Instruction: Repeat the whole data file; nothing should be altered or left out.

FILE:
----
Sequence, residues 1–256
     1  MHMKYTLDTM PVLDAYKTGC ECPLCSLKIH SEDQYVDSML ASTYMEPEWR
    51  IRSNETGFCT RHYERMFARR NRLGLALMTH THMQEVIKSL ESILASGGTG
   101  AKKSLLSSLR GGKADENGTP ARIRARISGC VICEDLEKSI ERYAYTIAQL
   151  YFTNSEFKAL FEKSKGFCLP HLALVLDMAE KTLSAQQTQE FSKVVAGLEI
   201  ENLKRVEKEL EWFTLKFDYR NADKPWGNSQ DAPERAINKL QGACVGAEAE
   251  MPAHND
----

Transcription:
Sequence, residues 1–256
     1  MHMKYTLDTM PVLDAYKTGC ECPLCSLKIH SEDQYVDSML ASTYMEPEWR
    51  IRSNETGFCT RHYERMFARR NRLGLALMTH THMQEVIKSL ESILASGGTG
   101  AKKSLLSSLR GGKADENGTP ARIRARISGC VICEDLEKSI ERYAYTIAQL
   151  YFTNSEFKAL FEKSKGFCLP HLALVLDMAE KTLSAQQTQE FSKVVAGLEI
   201  ENLKRVEKEL EWFTLKFDYR NADKPWGNSQ DAPERAINKL QGACVGAEAE
   251  MPAHND